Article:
Germany is shutting down nuclear power plants and other European countries want to follow suit. Few listen.
Why is this important?Nuclear power plants may play an important role in the race to climate neutrality. Europe has not yet decided whether or not to give nuclear power a green mark.
Ten years ago, after a tsunami hit the Fukushima reactor in northern Japan, causing a nuclear disaster, Germany decided to phase out 12 nuclear power plants. Within a few months, the first power plants were closed. At the end of 2022, the last three will be permanently closed.
Germany wants to be carbon neutral by 2045. The European Union aims to achieve zero greenhouse gas emissions by 2050. But can Europe achieve these goals if Europe’s largest economy abolishes nuclear power? European countries that constantly produce nuclear power emit less carbon dioxide than countries that do not produce nuclear power. France has lower carbon dioxide emissions per capita, as well as higher nuclear power production.
Other countries, such as Sweden, have been able to reduce their emissions without using nuclear power. Most of Sweden’s energy supply comes from renewable sources, such as hydropower and wind power. The country has windswept coastlines where wind turbines blow more strongly. Together with nuclear energy, it provides more than 60 percent of the total energy.
Hungary, which also has low per capita CO2 emissions, has been pursuing a new energy strategy since 2012. The report, entitled “National Energy Strategy to 2030”, has led to a significant increase in energy efficiency.
Most Germans supported the resolution in 2011, and many still support it. In its campaign manifesto for the parliamentary elections in September, the Green Party, which according to The Economist is likely to win at least 14.5% of seats in the Bundestag, pledged to pressure other European countries to abolish nuclear power.
In July, it was reported that Germany had received support from Austria, Denmark, Luxembourg and Spain in opposing EU plans to classify nuclear energy as “green” for investment purposes. To this day, the European Union has not taken an official position.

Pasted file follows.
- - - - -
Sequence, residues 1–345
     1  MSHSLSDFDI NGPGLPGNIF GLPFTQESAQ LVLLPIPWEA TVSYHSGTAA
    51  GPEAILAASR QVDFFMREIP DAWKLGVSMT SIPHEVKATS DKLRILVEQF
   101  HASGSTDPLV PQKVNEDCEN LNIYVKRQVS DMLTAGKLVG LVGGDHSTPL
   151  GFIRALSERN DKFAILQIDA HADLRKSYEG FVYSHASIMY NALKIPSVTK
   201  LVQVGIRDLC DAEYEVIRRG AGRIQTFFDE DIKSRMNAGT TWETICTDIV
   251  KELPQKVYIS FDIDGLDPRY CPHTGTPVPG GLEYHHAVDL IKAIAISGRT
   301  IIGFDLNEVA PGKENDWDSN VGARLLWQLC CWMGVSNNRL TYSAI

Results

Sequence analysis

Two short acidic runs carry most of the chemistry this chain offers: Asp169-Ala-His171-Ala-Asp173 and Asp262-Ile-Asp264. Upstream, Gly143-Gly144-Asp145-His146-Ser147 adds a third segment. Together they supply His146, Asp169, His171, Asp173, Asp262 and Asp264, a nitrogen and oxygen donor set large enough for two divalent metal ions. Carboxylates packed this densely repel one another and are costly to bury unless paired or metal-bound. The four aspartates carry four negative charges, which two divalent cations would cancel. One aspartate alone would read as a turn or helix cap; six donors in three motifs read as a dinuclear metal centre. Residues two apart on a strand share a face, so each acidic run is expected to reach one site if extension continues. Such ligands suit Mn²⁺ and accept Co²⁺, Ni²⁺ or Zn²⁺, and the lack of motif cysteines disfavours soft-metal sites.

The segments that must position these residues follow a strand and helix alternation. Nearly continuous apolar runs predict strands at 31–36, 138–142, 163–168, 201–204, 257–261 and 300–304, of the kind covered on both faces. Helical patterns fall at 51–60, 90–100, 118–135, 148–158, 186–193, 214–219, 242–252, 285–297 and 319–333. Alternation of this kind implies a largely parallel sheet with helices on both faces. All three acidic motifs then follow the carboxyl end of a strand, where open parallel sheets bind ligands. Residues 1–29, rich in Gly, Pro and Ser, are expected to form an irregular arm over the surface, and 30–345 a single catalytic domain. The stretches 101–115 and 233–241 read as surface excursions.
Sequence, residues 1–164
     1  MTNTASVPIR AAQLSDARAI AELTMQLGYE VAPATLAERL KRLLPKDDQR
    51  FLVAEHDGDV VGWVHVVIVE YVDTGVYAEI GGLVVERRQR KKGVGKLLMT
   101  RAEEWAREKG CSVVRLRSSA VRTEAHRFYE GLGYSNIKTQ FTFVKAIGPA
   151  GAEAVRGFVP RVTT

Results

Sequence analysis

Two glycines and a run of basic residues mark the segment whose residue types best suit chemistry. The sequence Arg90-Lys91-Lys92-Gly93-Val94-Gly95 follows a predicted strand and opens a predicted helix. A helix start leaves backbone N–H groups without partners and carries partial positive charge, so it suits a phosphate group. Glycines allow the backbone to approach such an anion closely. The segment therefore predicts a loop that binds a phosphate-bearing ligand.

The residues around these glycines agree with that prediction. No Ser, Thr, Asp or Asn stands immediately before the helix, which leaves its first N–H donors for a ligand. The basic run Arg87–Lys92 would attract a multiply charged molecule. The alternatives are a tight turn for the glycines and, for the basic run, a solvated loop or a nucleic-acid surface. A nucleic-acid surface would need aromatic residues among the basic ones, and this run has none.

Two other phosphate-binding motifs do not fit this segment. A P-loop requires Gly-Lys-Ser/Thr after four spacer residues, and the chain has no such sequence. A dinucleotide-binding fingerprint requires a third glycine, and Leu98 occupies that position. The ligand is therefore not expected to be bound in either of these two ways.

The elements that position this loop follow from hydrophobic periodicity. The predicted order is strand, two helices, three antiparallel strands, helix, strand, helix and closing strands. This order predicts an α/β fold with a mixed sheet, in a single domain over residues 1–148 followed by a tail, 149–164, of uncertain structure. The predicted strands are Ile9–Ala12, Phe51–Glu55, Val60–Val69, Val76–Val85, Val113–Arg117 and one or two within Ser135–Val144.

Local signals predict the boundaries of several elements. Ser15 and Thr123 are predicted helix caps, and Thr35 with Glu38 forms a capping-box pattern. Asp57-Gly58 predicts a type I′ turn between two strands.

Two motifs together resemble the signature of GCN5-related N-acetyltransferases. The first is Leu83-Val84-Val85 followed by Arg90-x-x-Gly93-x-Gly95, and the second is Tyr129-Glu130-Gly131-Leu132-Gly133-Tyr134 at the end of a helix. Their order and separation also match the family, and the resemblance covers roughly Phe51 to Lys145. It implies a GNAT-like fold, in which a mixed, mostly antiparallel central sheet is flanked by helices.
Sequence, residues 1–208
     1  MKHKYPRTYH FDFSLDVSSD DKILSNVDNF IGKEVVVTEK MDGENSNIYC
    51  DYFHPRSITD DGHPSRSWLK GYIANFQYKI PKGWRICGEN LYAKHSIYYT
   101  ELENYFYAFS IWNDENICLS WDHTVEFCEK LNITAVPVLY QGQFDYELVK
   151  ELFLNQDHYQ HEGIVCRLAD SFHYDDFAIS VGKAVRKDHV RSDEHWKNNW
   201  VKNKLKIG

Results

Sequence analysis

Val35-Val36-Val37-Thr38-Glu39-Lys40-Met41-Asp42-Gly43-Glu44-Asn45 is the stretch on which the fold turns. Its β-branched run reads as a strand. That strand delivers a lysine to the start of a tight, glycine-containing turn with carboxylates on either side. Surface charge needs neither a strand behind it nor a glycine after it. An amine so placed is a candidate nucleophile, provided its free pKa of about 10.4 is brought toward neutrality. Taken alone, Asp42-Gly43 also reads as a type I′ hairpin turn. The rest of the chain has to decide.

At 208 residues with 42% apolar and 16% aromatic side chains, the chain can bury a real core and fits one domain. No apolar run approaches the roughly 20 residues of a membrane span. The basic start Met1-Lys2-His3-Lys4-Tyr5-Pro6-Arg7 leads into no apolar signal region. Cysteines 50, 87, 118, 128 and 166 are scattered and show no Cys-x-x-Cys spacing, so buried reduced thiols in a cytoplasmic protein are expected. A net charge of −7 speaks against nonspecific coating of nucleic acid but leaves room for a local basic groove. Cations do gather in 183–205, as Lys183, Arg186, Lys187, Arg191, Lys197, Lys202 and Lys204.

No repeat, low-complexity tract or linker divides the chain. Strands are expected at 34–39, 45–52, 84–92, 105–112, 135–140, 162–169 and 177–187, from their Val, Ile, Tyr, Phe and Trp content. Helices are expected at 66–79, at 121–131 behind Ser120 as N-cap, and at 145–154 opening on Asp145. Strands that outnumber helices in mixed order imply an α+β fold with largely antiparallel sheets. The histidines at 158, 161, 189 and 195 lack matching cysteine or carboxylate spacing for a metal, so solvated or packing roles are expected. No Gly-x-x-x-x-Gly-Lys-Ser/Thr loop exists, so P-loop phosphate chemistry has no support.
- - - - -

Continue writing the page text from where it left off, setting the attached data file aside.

Nuclear power plants have an image problem
Most of Germany’s neighbors do not listen. Of the 17 European countries that produce nuclear energy, only Britain has plans to close power plants soon. However, the British still built new power plants. Switzerland has banned the construction of new plants, but will keep existing ones running “as long as they are safe”.
Poland, which relies heavily on coal, will start building its first nuclear power plant in 2026. In March, the leaders of the Czech Republic, France, Hungary, Poland, Romania, Slovakia and Slovenia wrote to the European Commission to indicate that their countries’ nuclear energy development was “in dispute” by some member states.
With the German elections approaching and the consequences of the recent catastrophic floods, global warming will be high on the public agenda. Well-regulated nuclear power is, according to experts, a safe and stable source of zero-emissions electricity. However, some politicians are reluctant to talk about it.
At most, Armin Laschet, the leader of the ruling CDU party, who could become the next chancellor, said the country should have gotten rid of coal before nuclear power. far right alternative to Germany It is the only party proposing the reuse of nuclear energy. The idea of a nuclear transition remains precarious for most German politicians.
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